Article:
Sincere, subdued, and seriously lackluster, Shawn Mullins
' 1992 self-release, Better Days
, is a promising effort dampened by unremarkable material. Mullins
performs with confidence and emotion, but without a single memorable melody, the singer/songwriter can only struggle with his own creations. None of Better Days
' 12 tracks generate any kind of lyrical spark, as the same old lovelorn, world-weary images and testimonies to artistic temperament clog up the passageways out of tavern-singer obscurity. Fans of Mullins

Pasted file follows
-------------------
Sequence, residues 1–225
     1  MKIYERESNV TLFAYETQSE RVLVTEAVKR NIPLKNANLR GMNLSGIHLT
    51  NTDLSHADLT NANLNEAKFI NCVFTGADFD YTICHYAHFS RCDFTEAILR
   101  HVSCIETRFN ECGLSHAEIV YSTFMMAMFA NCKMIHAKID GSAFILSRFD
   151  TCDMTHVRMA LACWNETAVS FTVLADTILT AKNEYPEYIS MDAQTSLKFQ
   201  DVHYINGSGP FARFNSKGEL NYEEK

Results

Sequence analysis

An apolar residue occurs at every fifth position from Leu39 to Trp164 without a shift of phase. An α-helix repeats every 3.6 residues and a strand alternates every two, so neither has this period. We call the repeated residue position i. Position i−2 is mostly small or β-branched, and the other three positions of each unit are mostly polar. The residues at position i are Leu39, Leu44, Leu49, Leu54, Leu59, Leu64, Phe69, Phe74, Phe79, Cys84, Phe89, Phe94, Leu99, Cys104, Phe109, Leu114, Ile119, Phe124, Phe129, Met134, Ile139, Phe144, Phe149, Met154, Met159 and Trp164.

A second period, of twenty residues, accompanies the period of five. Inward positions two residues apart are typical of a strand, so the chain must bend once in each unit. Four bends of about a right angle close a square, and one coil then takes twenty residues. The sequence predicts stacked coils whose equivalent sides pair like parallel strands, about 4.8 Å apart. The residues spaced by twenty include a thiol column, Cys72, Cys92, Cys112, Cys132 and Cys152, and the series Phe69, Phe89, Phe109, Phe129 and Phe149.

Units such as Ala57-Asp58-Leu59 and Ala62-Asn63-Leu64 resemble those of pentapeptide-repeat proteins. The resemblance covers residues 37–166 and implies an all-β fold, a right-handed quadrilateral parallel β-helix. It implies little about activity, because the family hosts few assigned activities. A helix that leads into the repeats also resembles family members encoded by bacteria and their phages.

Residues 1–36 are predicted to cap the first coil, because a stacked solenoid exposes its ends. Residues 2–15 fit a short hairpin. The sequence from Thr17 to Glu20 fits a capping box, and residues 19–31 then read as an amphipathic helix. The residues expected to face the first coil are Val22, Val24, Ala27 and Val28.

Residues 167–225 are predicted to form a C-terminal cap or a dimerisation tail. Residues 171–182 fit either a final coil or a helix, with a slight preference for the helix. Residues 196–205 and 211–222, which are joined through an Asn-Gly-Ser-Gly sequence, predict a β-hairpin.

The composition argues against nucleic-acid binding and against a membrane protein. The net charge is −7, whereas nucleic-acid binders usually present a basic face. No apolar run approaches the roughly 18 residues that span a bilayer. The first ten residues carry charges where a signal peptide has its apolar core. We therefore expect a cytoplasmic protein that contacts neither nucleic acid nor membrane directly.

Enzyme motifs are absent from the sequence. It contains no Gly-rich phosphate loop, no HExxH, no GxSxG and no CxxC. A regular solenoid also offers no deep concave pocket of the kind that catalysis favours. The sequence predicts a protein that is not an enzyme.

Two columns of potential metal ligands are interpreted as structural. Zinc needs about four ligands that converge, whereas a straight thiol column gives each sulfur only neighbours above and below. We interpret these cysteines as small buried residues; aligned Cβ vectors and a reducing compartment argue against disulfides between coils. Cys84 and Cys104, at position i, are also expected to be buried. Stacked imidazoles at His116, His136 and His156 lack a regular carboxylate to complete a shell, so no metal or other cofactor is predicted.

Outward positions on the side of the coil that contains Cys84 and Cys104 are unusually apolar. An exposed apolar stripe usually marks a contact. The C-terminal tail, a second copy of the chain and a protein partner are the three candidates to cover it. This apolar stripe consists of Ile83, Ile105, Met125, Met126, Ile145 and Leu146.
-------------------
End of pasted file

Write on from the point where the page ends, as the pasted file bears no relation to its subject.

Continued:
' fine late-'90s work might enjoy "Just Like Me" and "Locked in My Room," two numbers that barely rise above the other ten slices of soft rock/folk mediocrity. The only legitimate bright spot is Mullins
' strong vocals, which ring with purpose and clarity despite some rather flat production. To the Atlanta artist's credit, his vocals shine enough to make Better Days
a credible outing, but one that only the most devoted fans will be able to appreciate.